Nuclear Power Plant, Overdue Loans, Ease of Canadian Sanctions – Western Press Digest
Western media focused heavily this month on the current state of Belarus’ economy and financial market. In addition, the anticipated removal of Canadian sanctions might serve as a stepping-stone for other Western nations to re-evaluate their current sanctions against Belarus.
In other news: the construction of a new nuclear power plant in Belarus has caused controversy across the globe as we remember Chernobyl. U.N. human rights experts are also displeased with the recent execution of a prisoner, the results of Belarus’ Eurovision contender.
All of this and more in the newest edition of the Western Press Digest.
The Government of Canada is recognizing Belarus’ role – The Global Affairs Canada rewards Belarus for their facilitation of the Ukrainian ceasefire negotiations and peace agreement. This recognition will be seen through the removal of sanctions against Belarus, which have been in place since 2006.
In addition to Belarus’ assistance in the Ukrainian crisis, Canada is also recognizing the release of political prisoners and closer adherence to international regulations during the October 2015 presidential election.
Economy and business
Belarus’ potential bond deal will hopefully help the economy – Reuters reports on the potential sale of $ 1 billion of bonds at yields under 7 percent. As the result of economic decline in the last two years, Belarus is hopefully that a $ 3 billion support programme with the International Monetary Fund (IMF) will boost its economy. Currently, there is no anticipated timeline for an agreement with the IMF.
Impact of Russia’s recession and low commodity prices on Belarus’ economy – The World Bank has recently released an economic update report on Belarus which focuses on potential policy reforms that could help increase productivity and employment growth in Belarus.
Specifically, expansion into new markets coupled with the upgrade of internal goods produced will require state-owned enterprises (SOEs) to restructure. This restructuring will hopefully assist with a return of competitiveness in the market with the goal of reduced support from state subsidies. In addition, increased foreign investment through joint ventures and reforms will ultimately help foster growth.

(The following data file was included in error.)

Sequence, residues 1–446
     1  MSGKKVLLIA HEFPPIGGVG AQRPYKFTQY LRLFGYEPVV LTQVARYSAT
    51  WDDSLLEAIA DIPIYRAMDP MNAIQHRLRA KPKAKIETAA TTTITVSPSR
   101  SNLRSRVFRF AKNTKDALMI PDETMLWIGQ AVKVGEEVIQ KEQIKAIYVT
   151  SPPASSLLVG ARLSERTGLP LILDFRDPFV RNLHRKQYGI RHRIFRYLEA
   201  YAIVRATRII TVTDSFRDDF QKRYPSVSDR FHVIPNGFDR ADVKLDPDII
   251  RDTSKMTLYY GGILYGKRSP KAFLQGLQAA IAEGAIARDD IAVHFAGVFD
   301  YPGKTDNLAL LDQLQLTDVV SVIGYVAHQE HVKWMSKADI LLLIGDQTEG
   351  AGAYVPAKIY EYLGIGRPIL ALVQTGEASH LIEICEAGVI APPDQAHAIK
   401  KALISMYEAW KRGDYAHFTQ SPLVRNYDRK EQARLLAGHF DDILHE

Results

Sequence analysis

Government spending cuts for June – The proposed cuts by Finance Minister Uladzimir Amaryn are anticipated for June of this year. Amarin wishes to cut government expenditures by 7-8%. The cutbacks are a result of revised budget calculations for oil barrel prices, as confirmed by Reuters.
The increase of overdue loans is placing strain on the Belarusian central bank – Bloomberg reports on the Belarusian central banks growing concern of increased pressure on the financial industry as a result of overdue loans. The bank has tried to stabilize the financial system through controlling the money supply in addition to relaxing the exchange rate. The ultimate goal is to restore the general populations’ trust in the Belarusian Ruble.
Security and Defence
Belarusian Parliament introduced a new military doctrine – DefenseNews discusses Belarus’ new military doctrine, which prohibits the Belarusian military from engaging in foreign operations. Armenia has criticised the passing of this doctrine as it challenges the obligations set forth by the Collective Security Treaty Organisation (CSTO) established in 1992. Armenia’s concerns come as a result of renewed conflict in Nagorno-Karabakh. The resurgence of military activity between Armenian and Azerbaijani forces has undoubtedly caused Armenia to re-validate current security agreements to ensure allied support.
Civil society and culture
Anti-government opposition calls on Belarus’ prosecutor to ban the Russian biker club Night Wolves – The Belarusian People’s Front party is advocating the ban of the pro-Putin Russian biker club Night Wolves. The club has been accused of extremist behavior resulting in the Polish Government denying them access to journey through Poland for their yearly recreation of the Soviet Red Army’s march towards Berlin in WWII.